Mantis shrimps, or stomatopods, are marine crustaceans of the order Stomatopoda. Some species have specialised calcified "clubs" that can strike with great power, while others have sharp forelimbs used to capture prey. They branched from other members of the class Malacostraca around 340 million years ago. Mantis shrimps typically grow to around 10 cm (3.9 in) in length. A few can reach up to 38 cm (15 in). The largest mantis shrimp ever caught had a length of 46 cm (18 in); it was caught in the Indian River near Fort Pierce, Florida, in the United States. A mantis shrimp's carapace (the bony, thick shell that covers crustaceans and some other species) covers only the rear part of the head and the first four segments of the thorax. Varieties range in color from shades of brown to vivid colors, with more than 450 species of mantis shrimps being known. They are among the most important predators in many shallow, tropical and subtropical marine habitats. However, despite being common, they are poorly understood, as many species spend most of their lives tucked away in burrows and holes.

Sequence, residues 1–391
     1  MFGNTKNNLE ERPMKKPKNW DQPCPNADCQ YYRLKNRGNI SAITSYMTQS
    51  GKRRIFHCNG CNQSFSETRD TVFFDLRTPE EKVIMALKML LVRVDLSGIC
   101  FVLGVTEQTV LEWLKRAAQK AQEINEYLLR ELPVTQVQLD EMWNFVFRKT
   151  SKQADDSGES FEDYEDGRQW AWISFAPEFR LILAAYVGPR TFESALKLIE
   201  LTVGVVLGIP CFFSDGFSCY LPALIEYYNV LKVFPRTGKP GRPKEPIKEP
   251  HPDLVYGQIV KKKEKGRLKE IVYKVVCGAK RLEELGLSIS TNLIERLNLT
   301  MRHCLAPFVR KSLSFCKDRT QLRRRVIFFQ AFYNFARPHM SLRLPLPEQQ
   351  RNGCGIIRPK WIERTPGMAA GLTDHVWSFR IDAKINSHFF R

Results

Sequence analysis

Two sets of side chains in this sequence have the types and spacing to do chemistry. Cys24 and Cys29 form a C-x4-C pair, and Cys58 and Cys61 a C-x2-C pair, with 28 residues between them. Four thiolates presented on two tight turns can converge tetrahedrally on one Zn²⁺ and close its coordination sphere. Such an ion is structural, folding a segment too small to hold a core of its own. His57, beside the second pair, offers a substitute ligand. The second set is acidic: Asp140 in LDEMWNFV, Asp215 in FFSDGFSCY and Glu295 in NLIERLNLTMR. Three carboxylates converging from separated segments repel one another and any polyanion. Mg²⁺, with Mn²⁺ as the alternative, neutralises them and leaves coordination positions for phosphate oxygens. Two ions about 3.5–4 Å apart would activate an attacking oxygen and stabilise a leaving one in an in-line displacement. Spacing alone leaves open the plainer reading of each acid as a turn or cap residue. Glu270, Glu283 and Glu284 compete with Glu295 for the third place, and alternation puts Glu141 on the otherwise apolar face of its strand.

Called "sea locusts" by ancient Assyrians, "prawn killers" in Australia, and now sometimes referred to as "thumb splitters"—because of the animal's ability to inflict painful gashes if handled incautiously—mantis shrimps have powerful claws that are used to attack and kill prey by spearing, stunning, or dismembering.<iframe width="560" height="315" src="https://www.youtube.com/embed/CW8NUCPLE1c" frameborder="0" allow="accelerometer; autoplay; encrypted-media; gyroscope; picture-in-picture" allowfullscreen></iframe>
Mantis shrimps have, like mantis, ravishing legs. But theirs are so resilient that they inspire the military to make the armor of the future. Above all, their speed and striking power are the responsibility of the superpowers. As the comic book The Oatmeal recounts, the squid's ravishing legs move at the speed of a bullet fired by a 22 caliber and can strike a prey in 1/3000 of a second, with a force of 1,500 Newtons. One tenth of that speed, deployed by a human arm, "would be enough to send a baseball into orbit."
A speed such as it boils water around ravishing legs and creates a shock wave capable of killing a prey missed by the strike.
Kept in an aquarium, crustaceans make carnage by dismembering and devouring crabs, shrimps, octopuses, snails and shells (whose shells they break). They would even be able to break the windows of overly fragile aquariums.